Maritime residential school survivor reacts to Bishops' Council apology
Less than a week before Canada's first Truth and Reconciliation Day on Sept. 30, the Canadian Conference of Catholic Bishops issued a statement apologizing for some of the wrongs done in residential schools.
"I couldn't believe that they would even admit all those things and still, there's no justice," says Yvonne (Paul) Meunier, a survivor of the Shubenacadie residential school.
Now a grandmother, Meunier says she never thought she would see any admission like this in her lifetime.
She says for the survivors who have died, like her father, and the children who never came home, it's too late.
"So when I think about my ancestors that are on the other side and all the children that were just found - the 6,509 kids that were found - and I look at that apology and I say to myself My God, it's like a slap in the face," says Meunier.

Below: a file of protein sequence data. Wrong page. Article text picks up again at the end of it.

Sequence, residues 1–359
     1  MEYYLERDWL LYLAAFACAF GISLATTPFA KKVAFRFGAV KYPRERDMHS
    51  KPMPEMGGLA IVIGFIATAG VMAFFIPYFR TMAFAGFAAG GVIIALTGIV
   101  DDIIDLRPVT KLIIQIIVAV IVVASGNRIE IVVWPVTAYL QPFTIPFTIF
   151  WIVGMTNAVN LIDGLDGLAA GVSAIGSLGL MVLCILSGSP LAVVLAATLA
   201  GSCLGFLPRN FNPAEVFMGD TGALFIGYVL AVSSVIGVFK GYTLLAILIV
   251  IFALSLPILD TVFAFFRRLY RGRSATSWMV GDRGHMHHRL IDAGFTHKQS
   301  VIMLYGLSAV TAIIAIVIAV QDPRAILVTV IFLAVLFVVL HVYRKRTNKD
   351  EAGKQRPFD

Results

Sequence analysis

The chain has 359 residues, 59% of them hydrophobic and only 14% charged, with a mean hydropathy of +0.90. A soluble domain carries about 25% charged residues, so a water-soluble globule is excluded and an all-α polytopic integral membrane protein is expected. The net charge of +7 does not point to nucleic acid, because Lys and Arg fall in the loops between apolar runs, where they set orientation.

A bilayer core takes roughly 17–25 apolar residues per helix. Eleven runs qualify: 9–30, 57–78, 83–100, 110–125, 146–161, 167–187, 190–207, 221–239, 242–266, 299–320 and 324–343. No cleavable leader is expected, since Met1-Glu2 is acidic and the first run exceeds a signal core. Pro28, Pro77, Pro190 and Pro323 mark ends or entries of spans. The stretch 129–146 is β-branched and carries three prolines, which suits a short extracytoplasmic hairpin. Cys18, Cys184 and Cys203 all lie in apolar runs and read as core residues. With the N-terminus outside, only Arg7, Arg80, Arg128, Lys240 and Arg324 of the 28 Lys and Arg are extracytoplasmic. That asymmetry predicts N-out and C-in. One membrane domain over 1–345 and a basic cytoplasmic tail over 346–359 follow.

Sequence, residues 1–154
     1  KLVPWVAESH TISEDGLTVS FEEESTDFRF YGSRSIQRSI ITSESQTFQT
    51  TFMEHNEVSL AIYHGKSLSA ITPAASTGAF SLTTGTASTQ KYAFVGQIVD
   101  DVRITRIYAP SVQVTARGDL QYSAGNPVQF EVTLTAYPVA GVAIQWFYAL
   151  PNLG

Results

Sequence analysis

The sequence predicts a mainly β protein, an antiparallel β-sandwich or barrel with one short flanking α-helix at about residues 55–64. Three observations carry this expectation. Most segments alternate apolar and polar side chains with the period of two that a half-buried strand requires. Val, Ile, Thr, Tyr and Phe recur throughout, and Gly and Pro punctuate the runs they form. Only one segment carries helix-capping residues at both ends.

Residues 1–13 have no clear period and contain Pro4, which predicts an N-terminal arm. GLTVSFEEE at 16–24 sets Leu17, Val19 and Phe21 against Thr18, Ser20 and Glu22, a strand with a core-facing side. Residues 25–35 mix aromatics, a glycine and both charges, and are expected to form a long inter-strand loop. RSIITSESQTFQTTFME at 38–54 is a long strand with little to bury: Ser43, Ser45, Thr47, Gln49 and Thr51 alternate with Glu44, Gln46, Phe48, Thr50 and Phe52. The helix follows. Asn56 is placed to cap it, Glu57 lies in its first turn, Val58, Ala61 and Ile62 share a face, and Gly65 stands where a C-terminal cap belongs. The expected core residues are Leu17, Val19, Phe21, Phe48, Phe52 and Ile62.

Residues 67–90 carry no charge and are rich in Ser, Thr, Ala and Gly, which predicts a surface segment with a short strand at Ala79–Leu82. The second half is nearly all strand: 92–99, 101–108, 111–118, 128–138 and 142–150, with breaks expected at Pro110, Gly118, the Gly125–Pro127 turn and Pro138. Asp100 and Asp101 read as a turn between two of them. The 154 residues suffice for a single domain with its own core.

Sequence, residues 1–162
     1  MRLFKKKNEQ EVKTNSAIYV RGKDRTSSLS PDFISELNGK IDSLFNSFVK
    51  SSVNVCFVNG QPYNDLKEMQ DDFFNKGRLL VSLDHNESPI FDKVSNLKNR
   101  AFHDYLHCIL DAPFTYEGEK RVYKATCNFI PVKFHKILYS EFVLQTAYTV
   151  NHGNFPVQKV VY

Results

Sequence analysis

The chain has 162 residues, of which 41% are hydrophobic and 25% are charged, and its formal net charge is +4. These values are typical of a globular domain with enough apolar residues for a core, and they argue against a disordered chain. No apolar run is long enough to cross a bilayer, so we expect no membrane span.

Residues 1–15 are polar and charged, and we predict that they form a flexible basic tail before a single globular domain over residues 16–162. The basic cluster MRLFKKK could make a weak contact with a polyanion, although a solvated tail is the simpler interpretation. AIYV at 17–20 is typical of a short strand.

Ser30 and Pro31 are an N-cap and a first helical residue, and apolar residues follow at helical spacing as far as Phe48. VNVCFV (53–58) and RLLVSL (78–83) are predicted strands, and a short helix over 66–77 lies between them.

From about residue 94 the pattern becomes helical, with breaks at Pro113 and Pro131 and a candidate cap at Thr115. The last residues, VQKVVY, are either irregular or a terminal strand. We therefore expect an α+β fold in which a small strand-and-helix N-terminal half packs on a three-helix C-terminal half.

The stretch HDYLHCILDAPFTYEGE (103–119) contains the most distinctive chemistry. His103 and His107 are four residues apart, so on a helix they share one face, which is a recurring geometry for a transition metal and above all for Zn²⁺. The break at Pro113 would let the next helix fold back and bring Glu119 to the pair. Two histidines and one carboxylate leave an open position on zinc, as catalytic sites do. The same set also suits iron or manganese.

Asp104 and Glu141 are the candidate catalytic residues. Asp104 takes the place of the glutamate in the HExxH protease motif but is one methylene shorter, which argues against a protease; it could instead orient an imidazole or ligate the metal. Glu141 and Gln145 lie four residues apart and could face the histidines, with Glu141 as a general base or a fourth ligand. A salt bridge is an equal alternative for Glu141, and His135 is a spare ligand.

The apology states: "Many Catholic religious communities participated in this system, which led to the suppression of Indigenous languages, culture and spirituality," and acknowledges the grave abuses that were committed, “physical, psychological, emotional, spiritual, cultural and sexual.”
It wraps up by recognizing ongoing trauma and says, "we express our profound remorse, and apologize unequivocally."
"They were very clear on the damage that was done, psychologically, spiritually, emotionally, physically," Meunier says.
Meunier's son, Jeff Ward, is general manager of the Membertou Heritage Park. He says he had heard words of apology from local parish priests, and from the Archbishop of Halifax –Yarmouth prior to the statement.
Ward says while this latest apology is a step in the right direction, true accountability has to come from Rome.
"It needs to come from the top. It needs to come right from the Pope," Ward said, "and it has to come directly to our people and I believe that's the steps that have to happen."
The letter from the Council of Bishops raises the possibility of a visit from the Pope to Canada as part of the healing process. It also commits to continued work to memorialize those buried in unmarked graves.
"I mean, it had to be addressed. So was it sincere enough? It's a start”, Ward says.
"It will be interesting to see what's going to come out of this, other than just an apology," says Meunier, "at least they're admitting, that's some sort of consolation there."